Wanting to keep her energy up and her body strong, Snowden leads an active lifestyle and makes a point to work out four days a week. She understands that it can be difficult to stay motivated, especially when you feel too tired. However, she noted that most people will state that they don’t feel like working out before the class, but by the end of it they feel better and are glad they did it. Snowden attributes her increased energy and stamina to working out regularly.
“In addition to participating in fitness classes, it’s healthy to be involved in other activities or groups,” said Snowden. “I volunteer to lead a singing activity with residents in the health center, which requires me to walk around and be active. I also attend a watercolor class, sing in the chorus, participate in committees, play cards and much more. Woodland Pond is highly diversified, and I feel we are all involved in one thing or another, some of us multiple things! Woodland Pond provides many opportunities, and residents that do participate benefit greatly. Residents are encouraged to maintain strength and improve balance to prevent falls. The best exercise program, whether it is something you do on your own or something you do with a group, is the one you enjoy most!”
“We have such a phenomenal group of residents within our community,” said Michelle Gramoglia, executive director of Woodland Pond. “The residents have done a wonderful job of creating and leading all kinds of special groups, classes, projects and committees. They put their heart, soul and energy into many things that make our community a better place and contribute to their personal wellness. Every day our calendar is packed full of interesting options that cater to seniors and encourage living an active lifestyle. We have discussion groups, foreign language classes, shopping outings, happy hours, workshops, movies, concerts, committees, dancing and more. I personally enjoy seeing the residents get involved in the wide variety of activities and take advantage of new things they may have never experienced before.”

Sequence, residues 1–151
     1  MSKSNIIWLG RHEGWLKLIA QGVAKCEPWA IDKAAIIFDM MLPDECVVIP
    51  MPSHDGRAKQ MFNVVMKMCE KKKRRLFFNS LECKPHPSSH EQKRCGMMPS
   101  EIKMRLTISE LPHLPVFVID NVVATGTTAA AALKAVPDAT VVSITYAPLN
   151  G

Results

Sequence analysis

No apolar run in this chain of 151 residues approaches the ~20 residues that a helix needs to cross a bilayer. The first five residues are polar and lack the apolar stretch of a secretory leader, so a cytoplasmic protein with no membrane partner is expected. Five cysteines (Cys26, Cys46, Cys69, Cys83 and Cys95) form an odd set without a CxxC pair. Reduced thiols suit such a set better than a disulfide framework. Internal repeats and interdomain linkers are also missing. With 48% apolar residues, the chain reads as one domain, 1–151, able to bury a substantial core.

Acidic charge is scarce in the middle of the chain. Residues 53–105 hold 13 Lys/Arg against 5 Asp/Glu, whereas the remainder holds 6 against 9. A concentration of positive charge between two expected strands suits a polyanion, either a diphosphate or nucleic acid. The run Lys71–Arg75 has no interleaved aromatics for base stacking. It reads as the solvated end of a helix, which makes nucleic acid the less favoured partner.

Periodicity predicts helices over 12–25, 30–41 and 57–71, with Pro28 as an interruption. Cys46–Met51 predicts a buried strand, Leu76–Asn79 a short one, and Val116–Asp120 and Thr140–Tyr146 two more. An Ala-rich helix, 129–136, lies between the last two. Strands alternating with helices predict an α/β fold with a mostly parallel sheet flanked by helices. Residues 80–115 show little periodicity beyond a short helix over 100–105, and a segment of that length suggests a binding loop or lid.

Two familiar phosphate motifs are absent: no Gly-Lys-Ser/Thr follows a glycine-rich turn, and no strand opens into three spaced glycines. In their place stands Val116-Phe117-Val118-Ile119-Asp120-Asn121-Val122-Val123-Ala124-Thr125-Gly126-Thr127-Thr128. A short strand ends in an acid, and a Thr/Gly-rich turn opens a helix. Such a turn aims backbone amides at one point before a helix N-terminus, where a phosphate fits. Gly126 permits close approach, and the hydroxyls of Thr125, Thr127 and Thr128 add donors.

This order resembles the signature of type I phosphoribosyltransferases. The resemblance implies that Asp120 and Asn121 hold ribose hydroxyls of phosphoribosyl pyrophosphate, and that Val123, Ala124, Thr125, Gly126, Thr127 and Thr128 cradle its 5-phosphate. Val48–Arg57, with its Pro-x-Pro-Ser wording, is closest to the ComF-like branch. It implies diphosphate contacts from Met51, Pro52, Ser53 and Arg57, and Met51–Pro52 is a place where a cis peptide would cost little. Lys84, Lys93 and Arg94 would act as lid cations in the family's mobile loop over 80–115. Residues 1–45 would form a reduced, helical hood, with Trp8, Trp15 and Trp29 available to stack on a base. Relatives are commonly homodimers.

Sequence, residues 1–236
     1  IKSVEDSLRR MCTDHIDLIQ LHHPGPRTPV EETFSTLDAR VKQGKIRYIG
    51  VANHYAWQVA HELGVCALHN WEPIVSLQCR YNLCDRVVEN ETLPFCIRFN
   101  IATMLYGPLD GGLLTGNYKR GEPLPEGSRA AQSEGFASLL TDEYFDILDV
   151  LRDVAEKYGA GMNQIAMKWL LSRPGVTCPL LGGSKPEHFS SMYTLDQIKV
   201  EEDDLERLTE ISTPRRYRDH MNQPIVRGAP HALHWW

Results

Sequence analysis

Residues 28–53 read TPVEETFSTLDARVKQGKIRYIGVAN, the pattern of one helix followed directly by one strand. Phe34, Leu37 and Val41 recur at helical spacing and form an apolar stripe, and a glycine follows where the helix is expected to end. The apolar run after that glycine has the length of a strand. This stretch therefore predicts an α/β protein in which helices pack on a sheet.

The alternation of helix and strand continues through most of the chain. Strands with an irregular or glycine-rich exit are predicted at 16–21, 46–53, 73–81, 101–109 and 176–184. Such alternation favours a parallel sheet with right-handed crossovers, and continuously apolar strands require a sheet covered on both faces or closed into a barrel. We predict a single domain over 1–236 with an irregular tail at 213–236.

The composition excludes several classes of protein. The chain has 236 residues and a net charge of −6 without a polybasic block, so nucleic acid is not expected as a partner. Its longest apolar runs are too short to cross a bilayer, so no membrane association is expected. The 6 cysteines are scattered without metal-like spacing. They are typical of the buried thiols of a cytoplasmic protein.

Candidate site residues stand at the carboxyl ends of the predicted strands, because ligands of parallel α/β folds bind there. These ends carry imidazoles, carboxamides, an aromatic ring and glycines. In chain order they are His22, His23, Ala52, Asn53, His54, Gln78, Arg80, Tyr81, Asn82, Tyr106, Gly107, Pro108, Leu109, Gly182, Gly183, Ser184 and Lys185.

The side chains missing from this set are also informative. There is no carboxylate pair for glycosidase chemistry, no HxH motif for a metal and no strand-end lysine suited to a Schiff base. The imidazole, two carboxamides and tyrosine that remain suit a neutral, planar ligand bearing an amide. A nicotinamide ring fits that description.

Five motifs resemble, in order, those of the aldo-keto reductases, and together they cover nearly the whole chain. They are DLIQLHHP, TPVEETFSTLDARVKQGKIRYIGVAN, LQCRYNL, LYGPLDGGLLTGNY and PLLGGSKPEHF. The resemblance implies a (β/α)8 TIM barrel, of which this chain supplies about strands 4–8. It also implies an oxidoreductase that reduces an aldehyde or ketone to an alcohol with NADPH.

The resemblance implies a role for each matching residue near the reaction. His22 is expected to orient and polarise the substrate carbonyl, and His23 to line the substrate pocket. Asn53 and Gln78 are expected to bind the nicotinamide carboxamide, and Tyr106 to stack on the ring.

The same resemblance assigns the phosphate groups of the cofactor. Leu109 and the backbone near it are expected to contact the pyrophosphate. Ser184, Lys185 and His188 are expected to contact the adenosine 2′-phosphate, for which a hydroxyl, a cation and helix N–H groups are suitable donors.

Woodland Pond at New Paltz is home to more than 60 veterans. John Decker is one of them and is one of the few Korean War veterans, as many of the other veterans served during World War II. Veterans Day for Decker is a time of reminiscing and reflection, which he shared with fellow veterans at the community’s Veterans Day celebration. Earlier this year, Decker had the pleasure of reuniting with his executive officer, whom he had not spoken to in 60 years. The two met for lunch at Woodland Pond last summer and were featured in the senior living community’s monthly newsletter. On Wednesday, November 11th, Woodland Pond held a special day of recognition to honor veterans and their spouses. There was a display of honor in the Independent Living Lobby throughout the day, and a recognition program was held in the Health Center’s Great Room.
“It was incredible getting to see and speak with the executive officer whom I served under in Korea,” said Decker. “He called me out of the blue and we set up a time to do lunch. We enjoyed catching up, swapping life experiences and reminiscing about Marine Corps life in Korea. I had started out as a captain and retired as the rifle company’s commander. I had 250 men under me who had rifles and other heavy weapons. We set up camp as the war ended and were responsible for monitoring the prisoners of war as they were brought back and exchanged. These men were so happy to see us and to be back in American care.”
When the prisoners of war were returned to Decker and his men, many were malnourished, had been tortured or physically, mentally and verbally abused. Some of them came back with injuries they received from their captors and diseases from being detained in unsanitary conditions. Decker said it was humbling seeing those men crossing the line and rejoicing at their newfound freedom. Decker served in the active Marine Corps from 1953 to 1955 and was in the reserve until 1967.
“Veterans Day brings back a lot of memories, and we all share our experiences with one another,” said Decker. “We have men here who were prisoners of war, veterans who fought in major battles and even a man who was lost at sea for three weeks. It is mind-blowing to me, and I am thankful that I did not face similar circumstances. It is fascinating to hear how they survived. Veterans Day is the perfect time to remember what soldiers went through, the sacrifices that were made and the hardships that were endured. Even though my men and I arrived at war’s end in 1953, we served in Korea for two more years helping prisoners of war board boats returning to America. The summers were brutally hot and the winters were piercingly cold. There were no showers or toilets, and we had rats running over our sleeping bags at night. The living conditions were miserable, but you did what you were called to do. You did not have a say in your destiny. You just learned to follow orders.”